Bluffers bluff, and President Trump just tried to bluff his way through one of the worst weeks of his administration.
It’s not working. Donald Trump is a terrible poker player. His tells are so clumsily obvious and that we mistakenly give him credit for guile where none exists, and for some cinematic, supervillain cunning where there is only a howling, feral mass of insecurity and need.
The delta between reality and spin with Trump is always broad, and last week it was unspinnably vast. It’s also been a stunning illustration of just how powerful the division between reality and fantasy has become in the two hermetic media silos that now exist in America.
For some Americans — a minority, I pray — Trump is a pied piper luring the credulous and the uninformed into accepting lies over truth, comfort over reality and conspiracy over fact. In Trump’s world and that of his angry minions, the winning doesn’t stop, the vast left-wing conspiracy’s witch-hunt against him is both broad and insidious, and the truth is what he wants it to be on any given day.
Maintaining the Trump illusion requires an endless suspension of disbelief; denying facts, logic, reason, the law and the utterly evident cluster-you-know-what that this administration represents. The pinnacle of that illusion-at-all-costs philosophy came after the revelation that an FBI informant followed up on leads that Trump campaign foreign policy aides Carter Page and George Papadopoulos had been playing footsie with the Russians.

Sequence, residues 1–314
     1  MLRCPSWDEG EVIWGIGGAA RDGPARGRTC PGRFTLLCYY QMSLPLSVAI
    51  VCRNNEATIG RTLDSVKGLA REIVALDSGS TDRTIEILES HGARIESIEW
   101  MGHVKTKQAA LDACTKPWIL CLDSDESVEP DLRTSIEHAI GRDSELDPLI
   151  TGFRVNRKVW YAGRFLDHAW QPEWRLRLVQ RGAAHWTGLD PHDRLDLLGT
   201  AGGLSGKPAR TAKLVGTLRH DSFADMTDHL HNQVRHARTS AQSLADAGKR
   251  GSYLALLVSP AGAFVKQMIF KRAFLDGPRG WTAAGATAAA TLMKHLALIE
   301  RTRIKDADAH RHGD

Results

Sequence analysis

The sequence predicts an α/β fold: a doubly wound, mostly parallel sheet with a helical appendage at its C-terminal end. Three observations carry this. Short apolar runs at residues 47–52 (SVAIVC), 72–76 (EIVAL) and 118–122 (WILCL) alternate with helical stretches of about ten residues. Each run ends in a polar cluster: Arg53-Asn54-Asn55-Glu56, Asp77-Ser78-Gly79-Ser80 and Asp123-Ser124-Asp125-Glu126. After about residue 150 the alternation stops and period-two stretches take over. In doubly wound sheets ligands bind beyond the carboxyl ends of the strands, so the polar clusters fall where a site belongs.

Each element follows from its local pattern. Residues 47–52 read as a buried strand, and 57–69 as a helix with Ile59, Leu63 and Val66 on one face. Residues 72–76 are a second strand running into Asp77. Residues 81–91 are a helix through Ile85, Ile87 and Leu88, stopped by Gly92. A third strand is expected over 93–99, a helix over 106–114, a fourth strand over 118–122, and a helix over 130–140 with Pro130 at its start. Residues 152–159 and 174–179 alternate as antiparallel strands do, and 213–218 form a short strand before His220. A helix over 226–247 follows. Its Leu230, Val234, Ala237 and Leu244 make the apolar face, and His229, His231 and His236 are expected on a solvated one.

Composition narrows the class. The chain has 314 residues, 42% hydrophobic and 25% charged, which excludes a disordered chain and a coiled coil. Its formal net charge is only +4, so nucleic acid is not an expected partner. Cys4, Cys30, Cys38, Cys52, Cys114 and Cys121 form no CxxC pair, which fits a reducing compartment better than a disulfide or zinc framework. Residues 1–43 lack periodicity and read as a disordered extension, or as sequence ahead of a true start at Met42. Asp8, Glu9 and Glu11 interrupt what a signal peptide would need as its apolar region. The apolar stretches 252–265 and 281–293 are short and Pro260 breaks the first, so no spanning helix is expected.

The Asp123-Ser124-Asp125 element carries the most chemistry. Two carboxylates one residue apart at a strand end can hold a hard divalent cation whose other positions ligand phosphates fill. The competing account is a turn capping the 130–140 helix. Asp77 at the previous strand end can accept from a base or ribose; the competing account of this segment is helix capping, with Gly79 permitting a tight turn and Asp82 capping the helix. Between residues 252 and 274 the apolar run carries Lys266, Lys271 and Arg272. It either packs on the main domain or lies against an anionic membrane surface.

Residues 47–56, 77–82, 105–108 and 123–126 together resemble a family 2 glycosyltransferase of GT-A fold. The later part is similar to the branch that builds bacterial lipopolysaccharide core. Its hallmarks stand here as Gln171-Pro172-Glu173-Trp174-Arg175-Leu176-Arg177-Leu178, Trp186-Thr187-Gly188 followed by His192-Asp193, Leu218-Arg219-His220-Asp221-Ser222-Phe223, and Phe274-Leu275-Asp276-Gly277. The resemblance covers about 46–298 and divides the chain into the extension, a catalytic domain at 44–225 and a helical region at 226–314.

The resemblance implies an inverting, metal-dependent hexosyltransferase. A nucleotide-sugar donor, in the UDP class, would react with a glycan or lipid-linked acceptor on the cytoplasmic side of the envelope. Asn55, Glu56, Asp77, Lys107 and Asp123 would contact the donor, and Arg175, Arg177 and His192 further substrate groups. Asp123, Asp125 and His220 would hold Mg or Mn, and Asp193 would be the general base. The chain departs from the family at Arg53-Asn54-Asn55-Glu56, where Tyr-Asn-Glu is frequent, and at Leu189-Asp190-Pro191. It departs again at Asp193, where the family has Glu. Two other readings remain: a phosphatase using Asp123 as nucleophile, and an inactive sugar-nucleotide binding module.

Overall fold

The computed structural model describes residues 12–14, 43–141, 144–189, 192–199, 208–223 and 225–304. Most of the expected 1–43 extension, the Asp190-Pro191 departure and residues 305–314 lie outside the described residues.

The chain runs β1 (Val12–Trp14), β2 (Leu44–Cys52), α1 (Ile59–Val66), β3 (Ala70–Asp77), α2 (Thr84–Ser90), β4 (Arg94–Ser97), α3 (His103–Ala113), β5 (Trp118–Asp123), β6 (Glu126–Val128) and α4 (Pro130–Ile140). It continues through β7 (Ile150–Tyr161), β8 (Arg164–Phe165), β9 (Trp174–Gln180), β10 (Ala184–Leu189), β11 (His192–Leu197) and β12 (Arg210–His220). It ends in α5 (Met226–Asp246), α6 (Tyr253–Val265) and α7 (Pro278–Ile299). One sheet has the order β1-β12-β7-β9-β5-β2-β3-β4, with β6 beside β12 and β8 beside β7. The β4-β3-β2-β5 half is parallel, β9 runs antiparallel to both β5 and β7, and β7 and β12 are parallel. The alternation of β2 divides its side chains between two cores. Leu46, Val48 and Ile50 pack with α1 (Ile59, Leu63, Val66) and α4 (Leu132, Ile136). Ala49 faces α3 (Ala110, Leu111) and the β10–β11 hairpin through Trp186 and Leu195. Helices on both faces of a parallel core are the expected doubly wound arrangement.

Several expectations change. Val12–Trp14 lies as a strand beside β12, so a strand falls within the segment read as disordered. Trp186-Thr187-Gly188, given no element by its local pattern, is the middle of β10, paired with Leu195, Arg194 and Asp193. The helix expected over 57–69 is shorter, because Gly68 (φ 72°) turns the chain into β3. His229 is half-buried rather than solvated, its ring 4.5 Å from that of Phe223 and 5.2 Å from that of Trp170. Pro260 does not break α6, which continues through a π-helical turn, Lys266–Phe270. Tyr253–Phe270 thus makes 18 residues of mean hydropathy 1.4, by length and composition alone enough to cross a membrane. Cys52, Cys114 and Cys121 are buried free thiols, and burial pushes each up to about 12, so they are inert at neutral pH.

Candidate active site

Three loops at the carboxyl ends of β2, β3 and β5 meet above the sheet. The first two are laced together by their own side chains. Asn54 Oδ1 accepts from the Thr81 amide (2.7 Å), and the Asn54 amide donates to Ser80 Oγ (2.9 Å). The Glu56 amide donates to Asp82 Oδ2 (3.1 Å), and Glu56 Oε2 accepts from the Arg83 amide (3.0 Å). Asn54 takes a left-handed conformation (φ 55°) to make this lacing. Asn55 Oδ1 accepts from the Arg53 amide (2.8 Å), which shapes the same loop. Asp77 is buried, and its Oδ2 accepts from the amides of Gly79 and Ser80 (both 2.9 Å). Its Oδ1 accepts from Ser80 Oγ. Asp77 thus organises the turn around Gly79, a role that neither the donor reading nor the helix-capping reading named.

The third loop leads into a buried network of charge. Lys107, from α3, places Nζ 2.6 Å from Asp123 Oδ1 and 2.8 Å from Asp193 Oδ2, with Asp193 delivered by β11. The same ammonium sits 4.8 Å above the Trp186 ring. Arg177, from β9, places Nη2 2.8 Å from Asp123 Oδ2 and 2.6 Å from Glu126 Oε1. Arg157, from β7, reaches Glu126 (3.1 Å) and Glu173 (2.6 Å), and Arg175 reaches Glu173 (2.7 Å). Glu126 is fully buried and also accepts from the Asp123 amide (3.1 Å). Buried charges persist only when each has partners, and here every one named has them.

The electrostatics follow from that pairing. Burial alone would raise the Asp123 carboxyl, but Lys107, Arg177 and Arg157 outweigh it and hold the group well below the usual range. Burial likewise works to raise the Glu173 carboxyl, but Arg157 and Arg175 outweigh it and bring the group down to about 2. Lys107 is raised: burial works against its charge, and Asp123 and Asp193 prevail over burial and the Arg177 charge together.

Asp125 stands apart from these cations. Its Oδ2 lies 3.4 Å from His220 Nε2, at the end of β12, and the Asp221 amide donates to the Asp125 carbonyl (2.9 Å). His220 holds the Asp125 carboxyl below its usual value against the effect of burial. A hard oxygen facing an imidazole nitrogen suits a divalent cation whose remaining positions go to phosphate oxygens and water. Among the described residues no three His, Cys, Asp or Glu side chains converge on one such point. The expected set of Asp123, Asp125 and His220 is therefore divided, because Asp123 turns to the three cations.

On Fox News, talk radio and in the Trump-right online media armies, the innocent Trump campaign was the victim of FBI spying against them, ordered by notorious Kenyan Muslim sleeper agent Barack Obama, evil sorceress Hillary Clinton and their army of Deep State apparatchiks.
The President wants you to call the FBI’s Russian counterintelligence program Spygate, but rational people have declined to indulge him. Stupidgate is instead just a ludicrous new chapter in the long chronicle of Trump dumbassery.
It’s only one of the many examples of Trump’s behavior of which historians in the far future will look upon with the same stunned disbelief and discomfort as we now consider tulip manias, Beanie Baby investment schemes, Milli Vanilli and acid-washed jeans. There might have been a moment where those ideas were intriguing, but in the hard light of history, they’re grim reminders that fads and passions are fleeting.
For the FBI actions Trump calls Spygate to be a real concern, it would require malice. Instead, we’ve seen justification after justification for a robust counterintelligence response to Russian malfeasance. Drawn to the Trump campaign like flies to the biggest manure pile in the universe, the FBI wasn’t after him, but rather — quite properly — the Russians who sought to (and may have succeeded) in subverting American democracy and corrupting our elections.
There’s a line in the 1990s film “Grosse Point Blank” where John Cusack’s assassin character defends his line of work. He says, “If I show up at your door, chances are you did something to bring me there.” […]
No matter how much he spins it, no matter how many cute brand names and catchphrases he tries to jam into the media flow, at his core, Donald Trump is a man in a rising sea of legal peril, political risk and catastrophic failures. This explains his increasingly erratic behavior and dangerous efforts to corrupt the special counsel process, the Justice Department, and American institutions more broadly.
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